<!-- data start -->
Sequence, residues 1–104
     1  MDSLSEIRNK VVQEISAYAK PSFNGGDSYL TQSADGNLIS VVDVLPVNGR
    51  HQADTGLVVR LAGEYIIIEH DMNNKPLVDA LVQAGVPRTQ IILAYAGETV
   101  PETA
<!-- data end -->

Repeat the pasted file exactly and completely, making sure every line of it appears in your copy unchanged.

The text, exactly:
Sequence, residues 1–104
     1  MDSLSEIRNK VVQEISAYAK PSFNGGDSYL TQSADGNLIS VVDVLPVNGR
    51  HQADTGLVVR LAGEYIIIEH DMNNKPLVDA LVQAGVPRTQ IILAYAGETV
   101  PETA